Issues of concern to people who live in the west: property rights, water rights, endangered species, livestock grazing, energy production, wilderness and western agriculture. Plus a few items on western history, western literature and the sport of rodeo... Frank DuBois served as the NM Secretary of Agriculture from 1988 to 2003. DuBois is a former legislative assistant to a U.S. Senator, a Deputy Assistant Secretary of Interior, and is the founder of the DuBois Rodeo Scholarship.
Friday, February 14, 2014
WSJ - New Mexico County's Bond Buys Set Off Alarm, Probes
New Mexico's most populous county is facing a budget crunch amid allegations that its treasurer's office mismanaged more than $250 million in its investment portfolio, a situation that has triggered state investigations and a recall drive.
Bernalillo County, which includes about a third of the state's two million residents, has responded by implementing cost-cutting measures and is exploring selling a jail and other real estate in Albuquerque to raise funds.
Treasurer Manny Ortiz also sold some bonds early, at a loss of about $750,000, to address cash-flow concerns. Through his lawyer, Mr. Ortiz has denied wrongdoing. The New Mexico Auditor's Office, one of several state agencies investigating the Bernalillo County Treasurer's Office, is asking independent auditors to examine the county's investment transactions since 2010.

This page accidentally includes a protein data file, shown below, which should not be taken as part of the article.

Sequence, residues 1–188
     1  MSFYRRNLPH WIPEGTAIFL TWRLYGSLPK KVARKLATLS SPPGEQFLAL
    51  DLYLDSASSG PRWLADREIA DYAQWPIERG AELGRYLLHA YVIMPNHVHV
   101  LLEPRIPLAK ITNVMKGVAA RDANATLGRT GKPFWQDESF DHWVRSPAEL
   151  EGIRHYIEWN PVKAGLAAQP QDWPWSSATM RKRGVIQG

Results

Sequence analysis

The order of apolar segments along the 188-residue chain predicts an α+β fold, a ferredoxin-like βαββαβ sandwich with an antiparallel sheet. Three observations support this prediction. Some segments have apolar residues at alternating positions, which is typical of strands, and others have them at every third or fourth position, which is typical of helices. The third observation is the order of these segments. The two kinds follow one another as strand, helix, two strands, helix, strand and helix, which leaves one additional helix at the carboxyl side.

In a letter to county officials last month, State Auditor Hector Balderas said the audit would examine whether payments received by the county's investment brokers met "best practices," whether the county frequently used the same brokers to buy and sell securities, and how it calculated the county's cash-flow needs.
County officials, who have welcomed the state review of the treasurer's actions, said there were no extraordinary expenses that created the cash-flow concerns. They said they became alarmed as the cash on hand in their investment portfolio gradually declined, falling below $10 million in 2013, compared with a historical average in excess of $30 million.
The treasurer's office had put the majority of the county's money in long-term bonds that don't mature for years, prompting fears the county wouldn't have enough cash to cover expenses and that it is overly exposed to rising interest rates, which cause bonds to decline in value. Officials estimate the county's remaining bond portfolio lost $17 million in market value as of Feb. 1...more